The pandemic is finally easing up a bit.
Humboldt County’s rates of confirmed COVID-19 cases and hospitalizations have dropped and stabilized enough that even if the state wants to return us to the more-restrictive purple tier of public health regulations, county staff will protest the decision, allowing us to remain in the red tier for at least the coming week, Public Health Officer Dr. Ian Hoffman said at Tuesday’s Board of Supervisors meeting.
Governor Gavin Newsom is scheduled to provide the latest update on county tier designations at noon Tuesday. Based on local data, the state on Feb. 23 lowered Humboldt County from the most-restrictive purple tier to the red tier, allowing businesses, schools and organized sports a bit more freedom.
Hoffman said the county recently accumulated one week of epidemiological data sufficient to justify a return to the purple tier. That means we had more than seven new cases per 100,000 people and/or a test positivity rate above 8 percent. (Our adjusted case rate per 100,000 currently stands at 8.2 on the county dashboard.) But Hoffman and the rest of the county’s Public Health team don’t want to see the county “yoyo” between tiers when things seem stable, he said.
“So we’ve been communicating with the state of California, trying to make sure we advocate,” Hoffman continued. “We strongly feel that our metrics have reflected that our case rates are stable.”
As the latest COVID surge peaked locally in late January, the county’s case rate rose as high as 26 per 100,000 people. It has since stabilized to between six and 10 per 100,000. The hospitalization rate has also declined dramatically, from a high of more than 15 per day during the surge to single digits now.
“We have decided that if the state were to try to move us to purple we would ask for adjudication,” Hoffman told the board this morning, referring to the formal appeal process allowed under the state’s Blueprint for a Safer Economy. Through adjudication, counties can protest being moved to a more restrictive tier if public health staff believes the decision failed to account for data discrepancies or “qualitative and contextual elements.” During the adjudication process, the county’s tier status would remain unchanged.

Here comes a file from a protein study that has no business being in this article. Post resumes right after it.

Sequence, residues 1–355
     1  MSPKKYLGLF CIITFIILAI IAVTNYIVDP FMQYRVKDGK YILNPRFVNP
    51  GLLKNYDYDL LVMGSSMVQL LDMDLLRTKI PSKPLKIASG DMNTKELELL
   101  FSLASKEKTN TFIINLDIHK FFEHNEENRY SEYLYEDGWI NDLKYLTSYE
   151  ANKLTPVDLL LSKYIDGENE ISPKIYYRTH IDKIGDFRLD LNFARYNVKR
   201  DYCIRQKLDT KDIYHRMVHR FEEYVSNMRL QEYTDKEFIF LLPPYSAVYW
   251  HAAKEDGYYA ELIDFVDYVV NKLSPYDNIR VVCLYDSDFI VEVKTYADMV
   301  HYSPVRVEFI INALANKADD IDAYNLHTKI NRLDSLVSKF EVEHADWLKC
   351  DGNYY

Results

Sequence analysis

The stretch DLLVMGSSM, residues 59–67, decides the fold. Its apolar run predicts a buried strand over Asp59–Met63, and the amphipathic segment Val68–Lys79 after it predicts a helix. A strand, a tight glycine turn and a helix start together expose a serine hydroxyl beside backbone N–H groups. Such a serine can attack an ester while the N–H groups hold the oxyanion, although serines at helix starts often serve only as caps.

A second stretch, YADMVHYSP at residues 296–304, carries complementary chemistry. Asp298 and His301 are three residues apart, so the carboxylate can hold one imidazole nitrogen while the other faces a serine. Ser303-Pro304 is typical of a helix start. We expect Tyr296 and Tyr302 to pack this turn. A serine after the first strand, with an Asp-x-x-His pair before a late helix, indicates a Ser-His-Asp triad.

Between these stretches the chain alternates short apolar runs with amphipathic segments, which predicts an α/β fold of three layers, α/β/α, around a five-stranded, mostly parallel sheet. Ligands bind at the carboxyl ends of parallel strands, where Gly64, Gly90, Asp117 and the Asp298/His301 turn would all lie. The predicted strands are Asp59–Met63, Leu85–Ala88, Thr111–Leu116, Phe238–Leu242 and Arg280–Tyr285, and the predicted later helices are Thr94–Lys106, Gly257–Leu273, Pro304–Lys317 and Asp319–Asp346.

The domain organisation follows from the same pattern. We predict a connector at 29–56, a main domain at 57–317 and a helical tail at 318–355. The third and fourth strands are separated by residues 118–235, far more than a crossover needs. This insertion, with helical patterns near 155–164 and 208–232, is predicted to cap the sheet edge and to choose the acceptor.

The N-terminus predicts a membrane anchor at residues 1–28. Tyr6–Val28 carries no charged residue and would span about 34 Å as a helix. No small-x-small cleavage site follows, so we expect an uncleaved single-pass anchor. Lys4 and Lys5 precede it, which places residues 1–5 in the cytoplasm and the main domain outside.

“But we do want to recognize that this recovery is fragile,” Hoffman added, pointing out that we’re not far removed from the surge and new COVID-19 variants represent “a real threat.”
“So we’ll keep up that fight, and hopefully the state will make the right decision,” he said.
The situation in local hospitals has improved so much that the county plans to remove “ICU capacity” from its COVID dashboard.
More than eight percent of the county’s eligible population has now received at least one dose of vaccine, a figure Hoffman called “an amazing testament to the effort put forth in Humboldt County over the last few months.” And while progress continues to be hampered by limited availability of vaccines, Hoffman said the situation should improve in the coming months, especially as Johnson & Johnson’s single-dose vaccines gets wider distribution.
Last week the state announced that it would reserve 40 percent of its vaccine supply for the most vulnerable neighborhoods, a collection of 400 zip codes with lower levels of household income, education and access to health care. Humboldt County has 13 such zip codes, and Hoffman said we should learn this week how that will affect our vaccine supplies.
“It feels like we’re at a point of really palpable change with this pandemic,” he said, adding that with case rates falling we can finally look forward to “some return to normalcy.”
But he also cautioned against letting our guard down, saying, “In the end, the things that got us to where we are today will still be the cornerstone” — namely masking, social distancing, washing our hands and avoiding gatherings with multiple households.
The county is now encouraging all residents age 65 and older to contact the Joint Information Center at (707) 441-5000 with any questions about how to get in line for a vaccine.
Hoffman said we’re getting “much, much closer” the the point where everyone who wants a vaccine can get one. That much-desired time is “likely only a few months away,” he said.